A new study led by scientists at Stanford’s Water in the West program suggests that data-collecting platforms like Zillow can provide new insights into the intersection between water use and urban planning.
These findings are critical to “better understand the human dimension of water use” according to Newsha Ajami, one of the study’s authors and director of urban water policy at Water in the West.
Because Zillow users frequently and willingly share specific information about their homes, the researchers were able to generate more detailed data on a home-by-home basis than traditional collection methods would allow.
Key specifics found in Zillow’s data like house size and number of bathrooms are important metrics for researchers studying water use, according to data scientist Saahil Agrawal M.S. ’19, who worked on collecting and cleaning the data for the study. He added, “If you’re doing any analysis without taking those factors into consideration, to some extent, it would be a hollow analysis.”
The study looked at Zillow single-family housing data such as lot size, home value and number of rooms, in addition to government water-use billing data. By analyzing these infrastructure qualities in combination with the presence of smart water meters and modern plumbing systems, the researchers were able to overlay water usage findings with demographic data such as income, race, education and age from the U.S. Census Bureau. The researchers then formed data clusters using machine learning, which showed new water use patterns and predictions.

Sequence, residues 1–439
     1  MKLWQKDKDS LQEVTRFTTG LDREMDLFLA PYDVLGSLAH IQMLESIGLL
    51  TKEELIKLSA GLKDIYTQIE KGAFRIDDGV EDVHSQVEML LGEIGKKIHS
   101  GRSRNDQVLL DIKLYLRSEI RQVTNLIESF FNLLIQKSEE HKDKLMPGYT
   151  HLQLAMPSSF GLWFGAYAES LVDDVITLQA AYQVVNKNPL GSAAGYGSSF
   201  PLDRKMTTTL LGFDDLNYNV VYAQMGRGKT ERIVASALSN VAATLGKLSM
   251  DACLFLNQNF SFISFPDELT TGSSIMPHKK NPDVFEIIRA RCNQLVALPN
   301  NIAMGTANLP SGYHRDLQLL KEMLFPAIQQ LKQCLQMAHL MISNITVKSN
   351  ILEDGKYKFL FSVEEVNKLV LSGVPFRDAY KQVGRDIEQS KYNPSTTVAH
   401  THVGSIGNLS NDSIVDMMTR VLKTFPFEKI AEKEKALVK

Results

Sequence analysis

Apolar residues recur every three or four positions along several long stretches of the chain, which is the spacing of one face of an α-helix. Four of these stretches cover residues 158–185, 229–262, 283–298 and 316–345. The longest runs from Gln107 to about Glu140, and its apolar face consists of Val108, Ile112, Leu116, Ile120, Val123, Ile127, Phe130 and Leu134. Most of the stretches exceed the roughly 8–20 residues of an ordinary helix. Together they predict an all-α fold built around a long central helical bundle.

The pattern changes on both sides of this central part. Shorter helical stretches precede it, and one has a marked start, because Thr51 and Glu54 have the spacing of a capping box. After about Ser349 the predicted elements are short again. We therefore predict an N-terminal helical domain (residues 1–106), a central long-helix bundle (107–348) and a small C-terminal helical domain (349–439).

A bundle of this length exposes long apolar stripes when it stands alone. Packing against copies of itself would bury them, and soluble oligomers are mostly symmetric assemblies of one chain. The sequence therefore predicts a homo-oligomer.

The findings suggest that houses with similar water consumption and needs tend to be located near each other. With these new insights, organizations may be able to create new and efficient plans for water conservation, according to Blue Forest Conservation project scientist Kimberly Quesnel M.S. ’15 Ph.D ’19.
For example, a decentralized water system would allow recycled water to be utilized for functions such as plumbing or irrigation, saving high quality, clean water for activities such as drinking, bathing and cooking.
The findings also contradicted the traditional belief that water demand grows with population. Researchers found that the growing urbanization of cities allows for increased water efficiency and lower total water usage.
Stanford urban studies professor Dehan Glanz, who is not affiliated with the study, said that the more compact and mixed-use an area can be, the more sustainable the area will become. Compact cities with buildings packed closely together and reduced backyard space, “coupled with aggressive energy conservation and recycling programs,” allow for more sustainable infrastructure that carries over to water conservation as well, Glanz said.
Increased water conservation is not an impractical goal either, according to Quesnel. During the recent California drought, households of all income reduced their water usage. The findings show potential for increased community-wide water efficiency, or the measure of how well a neighborhood utilizes its water supply to meet short and long-term demand.
However, increased water conservation may be inaccessible for lower-income households, according to Ajami. Infrastructure changes such as replacing appliances or switching to greywater (recycled water from sinks, baths and washing machines) may be too costly.
Nevertheless, data from companies like Zillow remains valuable to researchers.
“These companies have an extremely rich data source. That’s essentially their bread and butter,” Agrawal said. Companies like Zillow “want people to use [their data] for research purposes, and I would definitely encourage organizations to look for these opportunities,” he said.
Contact Mimia Ousilas at mimiaousilas7 ‘at’ gmail.com and David Han at davidhan4310 ‘at’ gmail.com.